‘All death leads to rebirth. We must begin anew.’ So says a rogue AIM boffin at the beginning of this book, and so says writer Jonathan Hickman to Fantastic Four fans. Having been refreshing the book that began the Marvel Universe, Hickman starts again with a new title. No one expects it to be more than a publicity and sales generating placeholder until the regular comic returns in time for its 600th issue, so I’m happy to sit back and enjoy the ride until then.
So, the Human Torch is presumed dead and Sue Richards has found herself Regent of Old Atlantis. Ben is blaming himself for Johnny’s demise in the Negative Zone and Reed is focusing on ‘solving everything’ with the help of a coterie of super-intelligent kiddies he’s named the Future Foundation, giving this book its title.
New stuff here includes Spider-Man joining the team at the request of a posthumous, holographic Torch, the revelation that Reed’s time-travelling dad has moved into the Baxter Building, and Sue putting everyone in new uniforms.
The new, super-faffy looks are motivated by her gloomy state (‘Feels like a black and white world right now, doesn’t it?’). Rather than try and move forward after the loss of her brother, the Invisible Woman is wallowing, and spreading the misery around by making everyone dress down. It’s not the best example for son Franklin, devastated by the loss of ‘Uncle Johnny’.
Franklin’s sorrow makes for one of the best moments in the issue, as he stops Spidey from sitting down for a meal in Johnny’s usual seat. That’s followed by my other favourite point, the super-rational, species-varied FF kids saying grace – a brilliantly amusing sequence.
Frank’s irritating sister Valeria’s big scene sees her bringing an unexpected member into the club (we’re talking last page surprise, so I’ll leave that one alone for now – let’s just say that regular readers of the Fantastic Four won’t be aghast, and Reed’s agreement is unbelievable). There’s a pleasing irony in that scene as Reed lectures Valeria that she doesn’t have carte blanche to do whatever she likes – it’s Mr Fantastic Black Kettle.
The action sees the new Fantastic Four called out to some scientific facility called P.A.V.L.O.V., where those aforementioned AIM types break the Wizard out. He lets Reed know that he’s coming for Bentley 23, his boy clone and Future Foundation member, which worries Reed for a moment, but this is apparently forgotten by the time Nathaniel serves up his roast dinner.
While I can see that Peter Parker would be thrilled to bits to see the Baxter Building as it transforms into a Futurists’ playground, I can’t imagine him joining up without leaving the Avengers. Many times, he’s seen that spreading himself too thinly leads to disaster. Plus, while in his day job he researches scientific advances, I can’t see him acquiescing to Reed’s ‘let’s force the future’ attitude. Happily, someone does raise their voice against his tossed-off idea to terraform the Moon, probably by suppertime.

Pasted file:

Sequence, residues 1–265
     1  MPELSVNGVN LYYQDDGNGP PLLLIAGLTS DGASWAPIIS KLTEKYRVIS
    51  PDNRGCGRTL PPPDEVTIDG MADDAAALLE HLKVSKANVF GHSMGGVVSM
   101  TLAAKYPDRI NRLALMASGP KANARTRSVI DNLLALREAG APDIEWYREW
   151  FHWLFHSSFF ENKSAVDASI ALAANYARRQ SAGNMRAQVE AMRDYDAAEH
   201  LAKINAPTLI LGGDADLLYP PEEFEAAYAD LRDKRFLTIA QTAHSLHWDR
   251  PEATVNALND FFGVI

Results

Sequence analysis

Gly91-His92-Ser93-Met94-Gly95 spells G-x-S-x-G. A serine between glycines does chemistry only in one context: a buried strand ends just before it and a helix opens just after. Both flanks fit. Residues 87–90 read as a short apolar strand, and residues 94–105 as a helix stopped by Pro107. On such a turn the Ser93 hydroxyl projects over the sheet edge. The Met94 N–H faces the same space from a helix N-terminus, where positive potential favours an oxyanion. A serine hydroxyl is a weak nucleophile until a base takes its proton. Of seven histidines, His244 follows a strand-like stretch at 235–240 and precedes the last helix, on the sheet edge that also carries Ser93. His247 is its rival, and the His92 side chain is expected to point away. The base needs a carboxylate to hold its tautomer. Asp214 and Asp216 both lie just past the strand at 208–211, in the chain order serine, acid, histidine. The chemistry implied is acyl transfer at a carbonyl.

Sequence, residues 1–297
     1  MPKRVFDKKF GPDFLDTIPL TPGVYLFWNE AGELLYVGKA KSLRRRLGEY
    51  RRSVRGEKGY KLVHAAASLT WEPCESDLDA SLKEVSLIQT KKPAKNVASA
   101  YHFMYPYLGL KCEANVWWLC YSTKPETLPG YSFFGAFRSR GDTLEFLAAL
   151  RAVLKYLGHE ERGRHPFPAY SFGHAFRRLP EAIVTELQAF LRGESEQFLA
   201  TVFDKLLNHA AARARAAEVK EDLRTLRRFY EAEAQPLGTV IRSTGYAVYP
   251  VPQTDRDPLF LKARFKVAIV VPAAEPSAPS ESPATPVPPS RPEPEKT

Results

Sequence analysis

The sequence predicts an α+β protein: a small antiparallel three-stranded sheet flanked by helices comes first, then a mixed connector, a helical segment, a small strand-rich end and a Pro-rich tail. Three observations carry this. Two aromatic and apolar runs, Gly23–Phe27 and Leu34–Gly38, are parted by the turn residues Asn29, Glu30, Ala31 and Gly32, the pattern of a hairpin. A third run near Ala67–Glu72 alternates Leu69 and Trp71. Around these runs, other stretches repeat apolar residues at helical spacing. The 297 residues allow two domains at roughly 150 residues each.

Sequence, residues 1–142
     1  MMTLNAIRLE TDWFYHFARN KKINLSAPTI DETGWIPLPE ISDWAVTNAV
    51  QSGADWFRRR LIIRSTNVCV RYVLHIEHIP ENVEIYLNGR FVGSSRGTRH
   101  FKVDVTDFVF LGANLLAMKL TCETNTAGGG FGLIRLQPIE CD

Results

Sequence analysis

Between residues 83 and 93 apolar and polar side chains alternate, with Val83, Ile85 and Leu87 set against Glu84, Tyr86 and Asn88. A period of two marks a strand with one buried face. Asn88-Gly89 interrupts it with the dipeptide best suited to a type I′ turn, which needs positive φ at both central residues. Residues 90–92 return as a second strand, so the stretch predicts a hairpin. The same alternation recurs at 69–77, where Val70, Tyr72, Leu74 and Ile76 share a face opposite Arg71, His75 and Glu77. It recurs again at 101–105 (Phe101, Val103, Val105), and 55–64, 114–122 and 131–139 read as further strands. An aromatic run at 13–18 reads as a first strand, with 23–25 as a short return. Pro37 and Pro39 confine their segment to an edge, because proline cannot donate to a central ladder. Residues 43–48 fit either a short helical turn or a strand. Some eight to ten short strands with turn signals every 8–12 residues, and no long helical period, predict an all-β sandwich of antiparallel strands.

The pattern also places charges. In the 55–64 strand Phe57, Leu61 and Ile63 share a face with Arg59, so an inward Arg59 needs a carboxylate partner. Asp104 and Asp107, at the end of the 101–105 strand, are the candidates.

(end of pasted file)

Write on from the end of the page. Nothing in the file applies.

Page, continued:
On a similar note, when Sue mentions that she’s assumed ‘full control’ of Old Atlantis, it’s as if she’s forgotten she already has a life, with responsibilities and people who depend on her – I’m not saying a mother is all Sue should be, but certainly her kids need her. Even Reed shows more interest in his children here than Sue does. Let’s assume it’s a deliberate plot point, and see where it goes.
There’s enough good stuff here to bring me back next month, but I do hope the mournful mood is put to one side. Sure, Johnny is gone, and the people in the book feel it, but I don’t want every issue informed by sadness. I get it, the Human Torch was a vital, underappreciated member. I always got it.
Hickman does a fine job in capturing the voices of his main cast, when you factor in that even Spidey would be a little quieter than usual. What I really want to see is something emerge as the main threat, rather than the team’s attention all over the place as has been the case of late – splitting their forces is what got Johnny killed. If next issue concentrates on the Wizard’s bid for Bentley, with a subplot or two, fine. If the book drifts, I’ll likely drift too.
Steve Epting’s illustrations are excellent, as inked by himself and Rick Magyar, and coloured by Paul Mounts. There’s nothing awe-inspiring to draw, as there surely should be in a showcase Fantastic Four book, but the world of the FF is good-looking and vibrant. It’s just a shame about those costumes, which really are an eyesore.
Hickman’s interest in graphic design manifests with a wasted title spread at the front of the book, and a guide to the cast at the back which would be more useful were we given visual details rather than silhouettes. It’s just about possible to work out which Moloid is which from relative heights as seen in the story, but a straighforward pin-up would be more appreciated. For $3.99, we should be getting as much story as possible, not stuff that should be trade paperback filler.
And that’s that for FF #1 – initial thoughts, obviously …